How to Cut Corporate Energy Costs
Most companies would like to cut their energy bills, given the fact that energy accounts for roughly 19% of office building expenses. A large portion of that spending comes from lighting, heating and cooling—uses which are highly variable yet also controllable through monitoring, automated controls, replacing old equipment with energy-efficient equipment and educating employees on how to be frugal by shutting down their computers at the end of each workday.
For large companies with facilities spread across the country and even the world, however, it can be an overwhelming task to understand energy consumption and where savings are most easily derived. Doing nothing to reduce energy costs is also not viable.
Finance professionals who begin to take a more strategic look at energy consumption, however, can over time gain the domain expertise needed to significantly increase efficiencies and lower corporate spending every year. Here are some ways to get started:
1. Investigate late fees. Utility bills with late fees are a fairly common oversight in large companies and can add up fast. In some cases, a company will pay the bill but never pay the late fee, resulting in rolling late fees over years. It’s worth running reports on late fees, clearing them all up and determining what can prevent them from happening again. There are times when the utility provider is not invoicing with enough lead time, making it easy for accounting to pay a bill late.
2. Be careful about tariff switching. There’s a common belief that working with providers to change tariffs can lower bills—but this is rarely true. A large company may only have a couple of plan choices to begin with, and by switching, you may expose your company to unpleasant gotchas, such as tariffs that are lower during some hours but double during peak hours. A business can counteract those gotchas by controlling temperatures and lighting during peak hours and still benefit from the lower tariffs in non-peak times, but it’s pretty hard to do the same with thousands of employees and several if not dozens of buildings. However, it is worth looking at tariffs locally and regionally; if there is too much discrepancy in tariffs between nearby facilities, you’ve either got a building issue or a provider issue to investigate.
3. Get an inventory of facilities. If you are able to run baselines of your buildings regarding energy costs per square footage, and then analyze those metrics against that building’s usage (aka., the number of employees and types of equipment consuming power), you can start making adjustments at the facility level. Without this analysis, buying LED lights or making upgrades to HVAC equipment among other improvements could be a waste of money. Get clear on which facilities need the most help, and then determine how and if they can be addressed cost-effectively. Such analysis can also shed light into regions that are cheapest from an energy standpoint, for when a company is expanding or relocating facilities.
4. Look at weather patterns. Weather plays a significant part in building energy costs, but only if the facility is weather sensitive. The construction of a building according to LEED certification requirements for environmentally-sound design can greatly reduce the impact of external heat or cold on inside temperatures. Therefore, if you are able to determine through utility bills that a building’s energy consumption does not fluctuate widely with temperature change, you can make smarter decisions. For instance, a building that is not weather sensitive would not be the ideal candidate for an HVAC upgrade.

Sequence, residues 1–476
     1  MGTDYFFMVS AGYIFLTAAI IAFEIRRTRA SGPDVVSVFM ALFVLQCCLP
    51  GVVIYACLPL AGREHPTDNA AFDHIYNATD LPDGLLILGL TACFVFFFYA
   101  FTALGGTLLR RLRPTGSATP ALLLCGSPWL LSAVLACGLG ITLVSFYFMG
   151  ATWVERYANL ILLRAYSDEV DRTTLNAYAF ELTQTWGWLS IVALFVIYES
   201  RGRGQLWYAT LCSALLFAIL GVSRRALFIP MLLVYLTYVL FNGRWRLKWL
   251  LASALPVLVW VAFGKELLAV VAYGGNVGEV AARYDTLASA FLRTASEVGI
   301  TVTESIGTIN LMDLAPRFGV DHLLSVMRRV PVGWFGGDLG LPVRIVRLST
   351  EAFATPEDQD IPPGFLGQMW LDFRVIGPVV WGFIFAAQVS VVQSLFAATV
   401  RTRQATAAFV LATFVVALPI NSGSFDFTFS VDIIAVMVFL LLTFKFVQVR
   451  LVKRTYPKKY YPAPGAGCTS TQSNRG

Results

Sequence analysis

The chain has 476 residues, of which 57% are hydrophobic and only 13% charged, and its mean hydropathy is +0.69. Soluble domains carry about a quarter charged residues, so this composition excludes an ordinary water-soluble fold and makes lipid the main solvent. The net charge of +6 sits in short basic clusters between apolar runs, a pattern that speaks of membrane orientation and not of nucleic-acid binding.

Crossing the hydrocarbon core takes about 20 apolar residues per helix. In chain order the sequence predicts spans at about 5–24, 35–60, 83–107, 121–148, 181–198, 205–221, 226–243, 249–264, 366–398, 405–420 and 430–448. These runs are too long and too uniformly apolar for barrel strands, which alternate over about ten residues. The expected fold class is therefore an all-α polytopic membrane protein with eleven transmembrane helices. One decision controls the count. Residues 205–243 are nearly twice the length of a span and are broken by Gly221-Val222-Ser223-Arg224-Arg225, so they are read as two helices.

5. Buy energy ahead of time. In deregulated markets, such as California, Texas, Georgia and New York, you can play the stock market in a way through energy procurement. These market-based contracts allow a company to lock into a rate for a period of time, thereby protecting their business from energy pricing impacts of natural disasters, such as Hurricane Katrina, or global events that may cause prices to go up. Of course, not all markets are deregulated and in some areas, there’s only one supplier, limiting your choice and ability to play the market.
6. Use common sense. Many offices overcool or overheat. By lowering the temperature by just one degree in the winter and raising it by one degree in the summer, you can make a noticeable impact on your bills. Lighting is another area to consider. First of all, LED lighting is much more energy efficient. Secondly, encourage employees to turn off lights in conference rooms and other common areas when not in use. Upon leaving for the day, ask people to turn out the lights in their own offices. These are just a few ideas, but the more you can educate employees on energy-saving practices, the more you will save. Getting an energy audit completed every year can help ensure you’ve done all that you can: most utility companies will provide one at no charge.
When it comes to energy consumption, the more you know, the more you can save. Even if you’re starting from the smallest base of knowledge, don’t let it dissuade your efforts to think big. Through targeted analysis of top areas of spending, a company can get it on the path quickly to smarter and more strategic decisions on energy management throughout all of its locations.
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